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Entering the National Monument.

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One of the small alkali lakes. The largest is Soda Lake itself, a 3,000-acre alkali lake at the center of the plain, with Painted Rock next to it with Chumash and Yokut rock art nearby. Soda Lake receives most of the plain's runoff, leaving the smaller lakes dry most of the time except for rains.

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Overlooking the grasslands.

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Carrizo Plain NM has not been without controversy, mostly with respect to the energy industry and to grazing rights. A push to declare the region a World Historic Site was widely opposed by local residents and the Independent Petroleum Association, while supported by San Luis Obispo city and county; while supporters cited increased tourism and funding potential, the oil industry complained that the required buffer zone may retard future exploration, and there was also concern that the requirements for the Site would lead to intrusion on property rights. Oil wasn't the only energy industry the NM ran afoul of; attempts to exploit its ample sunlight for the solar power industry ran aground when oil prices fell, and new solar farm proposals are similarly opposed locally. Finally, grazing rights to the grasslands became controversial when existing guaranteed permits were to be replaced with free use permits, rankling ranchers used to a guaranteed stocking rate and culminating in the suicide of the NM's first manager, Marlene Braun, in 2005. These issues still fester locally.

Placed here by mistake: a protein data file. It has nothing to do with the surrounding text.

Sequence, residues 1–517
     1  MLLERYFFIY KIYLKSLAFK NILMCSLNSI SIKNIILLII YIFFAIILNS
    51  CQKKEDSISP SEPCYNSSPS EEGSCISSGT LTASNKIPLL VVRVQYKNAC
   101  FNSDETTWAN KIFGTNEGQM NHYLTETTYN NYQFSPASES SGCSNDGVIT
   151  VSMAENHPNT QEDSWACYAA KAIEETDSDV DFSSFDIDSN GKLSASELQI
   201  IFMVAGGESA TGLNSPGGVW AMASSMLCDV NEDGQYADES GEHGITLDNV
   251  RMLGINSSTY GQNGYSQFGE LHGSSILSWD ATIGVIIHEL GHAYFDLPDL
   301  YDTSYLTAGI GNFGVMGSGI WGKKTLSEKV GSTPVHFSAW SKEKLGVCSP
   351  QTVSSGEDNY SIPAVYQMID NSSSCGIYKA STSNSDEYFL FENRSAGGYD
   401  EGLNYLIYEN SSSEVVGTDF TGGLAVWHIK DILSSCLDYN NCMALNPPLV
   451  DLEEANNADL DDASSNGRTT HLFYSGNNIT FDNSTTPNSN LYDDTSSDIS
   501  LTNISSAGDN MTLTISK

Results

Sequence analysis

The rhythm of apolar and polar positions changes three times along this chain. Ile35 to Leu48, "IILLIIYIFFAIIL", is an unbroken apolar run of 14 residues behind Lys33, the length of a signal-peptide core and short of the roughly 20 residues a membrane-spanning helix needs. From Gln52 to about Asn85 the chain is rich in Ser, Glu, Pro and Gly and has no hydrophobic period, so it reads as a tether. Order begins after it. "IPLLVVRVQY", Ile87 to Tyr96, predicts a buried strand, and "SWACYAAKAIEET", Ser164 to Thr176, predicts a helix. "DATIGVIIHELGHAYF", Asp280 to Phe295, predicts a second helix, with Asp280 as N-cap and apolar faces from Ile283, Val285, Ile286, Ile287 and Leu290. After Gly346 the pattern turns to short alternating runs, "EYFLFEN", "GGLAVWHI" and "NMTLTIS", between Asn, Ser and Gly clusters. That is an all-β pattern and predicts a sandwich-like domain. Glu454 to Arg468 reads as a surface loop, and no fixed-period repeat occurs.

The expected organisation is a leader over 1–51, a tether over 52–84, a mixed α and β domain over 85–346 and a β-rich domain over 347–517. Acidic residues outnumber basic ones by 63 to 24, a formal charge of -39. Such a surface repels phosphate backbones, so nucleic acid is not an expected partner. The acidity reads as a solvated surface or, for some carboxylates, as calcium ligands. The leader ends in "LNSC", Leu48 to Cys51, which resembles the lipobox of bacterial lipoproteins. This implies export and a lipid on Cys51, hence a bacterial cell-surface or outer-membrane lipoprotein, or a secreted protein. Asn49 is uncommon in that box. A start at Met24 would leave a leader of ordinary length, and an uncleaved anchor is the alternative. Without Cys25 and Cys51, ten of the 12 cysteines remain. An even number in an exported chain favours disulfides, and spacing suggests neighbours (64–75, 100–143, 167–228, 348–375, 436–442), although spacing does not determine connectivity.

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Heading back to US 399.

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The road snaking back into the distance as we leave the Monument.

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Terminal postmile for KernCo 324D (PM 0.09).

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Notice that as we rejoin old US 399, the street sign calls it State Hwy 166, despite being legislatively CA 33.

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End Detour

Back on NB CA 33/EB CA 166/old US 399, passing through the Temblor Range to prepare for our descent. Check your brakes.